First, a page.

Obviously, I had to see what the new little stove could do, so I set up a test. First, I filled my favourite camping tin mug with cold water from a jug, and times how long it took to start boiling on my gas stove. Turns out that took 3 minutes and 17 seconds. Next, I emptied the cup, and poured some cold water over it to cool it down, then filled it to the same level with more cold water from the jug. I lit the spirit burner, and waited for the “gas ring” to light, then placed the mug onto it.
As the mug’s slightly too small to fit the stand, I had to improvise and place a fork across, as an additional rest. That worked, but also meant the mug wasn’t directly over the flames, plus the fork absorbed some of the heat. Despite all that, the spirit burner boiled the water, too. As expected, that too far longer: 9 minutes 38 seconds. Once you ad the roughly two minutes for the gas ring to light, you can see the spirit burner took four times longer to boil the water.
Well, if speed is your primary concern, this spirit burner won’t be your choice at all. As explained above, to me it’s a good-quality, practical and sturdy backup option, and as that I’m perfectly happy with it. Whenever possible, I’ll continue to use my Vango gas stove, but having a backup means that I also can cook on 2 burners at the same time. That’s not an option I had before. Most importantly, I now know that, when camping in weather far too cold for my gas stove to work, I still have the means of cooking a hot meal, and making a hot drink. Yes, even f that takes four times longer.
Watch this video by Kajsa Tylen, where she demonstrates making a spirit burner. Her home-made spirit burner outperforms the one I bought, so you may want to give some serious thought to following her clear directions, and make your own. While you’re at it, follow her on Twitter, and subscribe to her excellent YouTube channel.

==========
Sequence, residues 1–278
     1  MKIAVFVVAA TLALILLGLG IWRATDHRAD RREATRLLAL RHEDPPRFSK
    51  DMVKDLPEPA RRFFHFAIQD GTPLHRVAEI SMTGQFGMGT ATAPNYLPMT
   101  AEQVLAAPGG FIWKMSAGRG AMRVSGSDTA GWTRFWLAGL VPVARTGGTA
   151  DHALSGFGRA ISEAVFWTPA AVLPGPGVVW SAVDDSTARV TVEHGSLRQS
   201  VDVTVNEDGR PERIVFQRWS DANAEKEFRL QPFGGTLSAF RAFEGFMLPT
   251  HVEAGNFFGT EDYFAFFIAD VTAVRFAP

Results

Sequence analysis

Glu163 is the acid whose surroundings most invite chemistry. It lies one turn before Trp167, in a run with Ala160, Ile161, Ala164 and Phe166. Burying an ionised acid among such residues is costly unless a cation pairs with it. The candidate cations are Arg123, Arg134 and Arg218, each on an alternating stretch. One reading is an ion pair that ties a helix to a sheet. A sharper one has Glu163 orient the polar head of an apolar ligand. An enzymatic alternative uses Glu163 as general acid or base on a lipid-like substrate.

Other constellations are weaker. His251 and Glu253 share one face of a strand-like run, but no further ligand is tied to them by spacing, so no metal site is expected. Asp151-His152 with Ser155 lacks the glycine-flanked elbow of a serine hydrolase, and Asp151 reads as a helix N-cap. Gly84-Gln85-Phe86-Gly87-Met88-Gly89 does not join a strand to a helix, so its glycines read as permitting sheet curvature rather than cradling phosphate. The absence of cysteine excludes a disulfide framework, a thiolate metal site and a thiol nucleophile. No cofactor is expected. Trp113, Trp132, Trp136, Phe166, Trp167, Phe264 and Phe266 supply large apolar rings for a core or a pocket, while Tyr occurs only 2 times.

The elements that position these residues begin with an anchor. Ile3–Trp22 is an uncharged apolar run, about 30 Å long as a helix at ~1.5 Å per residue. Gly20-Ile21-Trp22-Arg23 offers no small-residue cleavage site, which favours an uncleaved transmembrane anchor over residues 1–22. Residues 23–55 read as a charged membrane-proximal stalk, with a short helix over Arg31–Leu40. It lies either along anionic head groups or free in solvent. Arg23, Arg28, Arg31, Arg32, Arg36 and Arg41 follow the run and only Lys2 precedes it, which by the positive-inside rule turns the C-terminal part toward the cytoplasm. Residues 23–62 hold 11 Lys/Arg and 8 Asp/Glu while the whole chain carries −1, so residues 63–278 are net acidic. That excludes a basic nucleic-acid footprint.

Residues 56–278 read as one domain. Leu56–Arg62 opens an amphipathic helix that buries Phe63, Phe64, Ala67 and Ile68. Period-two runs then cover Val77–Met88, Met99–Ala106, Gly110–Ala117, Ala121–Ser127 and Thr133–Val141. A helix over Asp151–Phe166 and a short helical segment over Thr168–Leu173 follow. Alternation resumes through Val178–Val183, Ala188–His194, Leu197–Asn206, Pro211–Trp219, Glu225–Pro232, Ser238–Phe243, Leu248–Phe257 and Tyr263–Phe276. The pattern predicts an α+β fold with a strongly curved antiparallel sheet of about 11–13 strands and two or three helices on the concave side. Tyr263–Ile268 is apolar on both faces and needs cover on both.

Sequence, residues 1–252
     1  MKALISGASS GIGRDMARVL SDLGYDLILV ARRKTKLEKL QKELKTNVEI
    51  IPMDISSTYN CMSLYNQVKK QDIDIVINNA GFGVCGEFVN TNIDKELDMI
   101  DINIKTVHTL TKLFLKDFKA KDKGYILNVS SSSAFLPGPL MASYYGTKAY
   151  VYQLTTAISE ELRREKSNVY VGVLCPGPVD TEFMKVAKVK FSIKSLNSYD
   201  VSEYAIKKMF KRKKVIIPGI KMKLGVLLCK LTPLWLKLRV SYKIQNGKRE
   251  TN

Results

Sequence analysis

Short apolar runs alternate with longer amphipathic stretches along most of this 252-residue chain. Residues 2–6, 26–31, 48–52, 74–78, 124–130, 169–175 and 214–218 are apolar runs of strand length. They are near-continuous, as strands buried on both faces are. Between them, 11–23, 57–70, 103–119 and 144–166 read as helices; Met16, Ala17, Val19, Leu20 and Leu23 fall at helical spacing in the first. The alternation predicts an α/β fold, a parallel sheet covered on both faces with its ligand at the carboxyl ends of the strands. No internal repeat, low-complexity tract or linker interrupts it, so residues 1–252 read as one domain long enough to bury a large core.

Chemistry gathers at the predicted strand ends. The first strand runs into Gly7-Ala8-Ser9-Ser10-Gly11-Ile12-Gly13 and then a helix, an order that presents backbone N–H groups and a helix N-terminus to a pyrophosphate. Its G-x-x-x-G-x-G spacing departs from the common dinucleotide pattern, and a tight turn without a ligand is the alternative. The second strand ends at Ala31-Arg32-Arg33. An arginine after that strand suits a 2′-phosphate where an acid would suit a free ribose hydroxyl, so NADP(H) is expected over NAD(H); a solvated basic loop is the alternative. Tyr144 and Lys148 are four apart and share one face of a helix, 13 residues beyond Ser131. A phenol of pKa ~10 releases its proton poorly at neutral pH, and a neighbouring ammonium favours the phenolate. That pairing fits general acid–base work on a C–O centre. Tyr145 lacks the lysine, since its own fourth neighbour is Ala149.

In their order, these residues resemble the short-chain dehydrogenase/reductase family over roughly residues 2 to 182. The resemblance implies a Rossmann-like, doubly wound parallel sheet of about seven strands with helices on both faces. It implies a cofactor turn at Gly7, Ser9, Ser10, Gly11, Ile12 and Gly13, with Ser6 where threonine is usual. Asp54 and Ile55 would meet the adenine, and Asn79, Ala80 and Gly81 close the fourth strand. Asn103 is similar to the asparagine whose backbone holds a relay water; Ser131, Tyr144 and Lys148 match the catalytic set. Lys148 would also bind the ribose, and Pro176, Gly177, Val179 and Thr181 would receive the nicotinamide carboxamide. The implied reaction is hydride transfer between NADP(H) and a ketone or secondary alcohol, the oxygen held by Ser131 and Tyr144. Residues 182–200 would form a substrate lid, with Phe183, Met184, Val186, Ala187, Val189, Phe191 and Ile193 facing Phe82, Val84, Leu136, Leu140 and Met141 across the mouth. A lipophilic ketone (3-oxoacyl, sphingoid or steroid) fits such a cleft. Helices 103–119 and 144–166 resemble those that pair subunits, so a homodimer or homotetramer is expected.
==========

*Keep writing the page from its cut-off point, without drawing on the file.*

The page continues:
2 thoughts on “Kit Review: A Trangia-copy spirit stove”
The upside to the slower boil means it is better for actual cooking where you need to simmer the food. Gas stoves especially the jetboil types can cremate food on the bottom of the pan whilst the stuff on top is raw.
I guess I’m not familiar with your specific model of stove, but I’ve used an MSR Whisperlight and more recently a Dragonfly in temperatures as low as -30 C and never had a problem. I’ve been using this kind of stove for about 30 years. I can tell you from experience trying to melt snow or boil water below 0 C with a spirit stove is an incredibly frustrating experience. The liquid fuel, separate tank stoves are expensive and a little bulky, but probably lighter than having to carry a second stove and second type of fuel.
I’ve had mixed luck with canister stoves, I find they only work below 0 C if you preheat the canister and they are self priming. I used one for a while but I won’t ever go back.
I occasionally take a light weight spirit stove on warm weather bike trips for coffee and I used a Trangia a lot when I was young and broke. These days I mostly take it on family car camping trips when I want to boil water for tea or coffee without waking everyone up.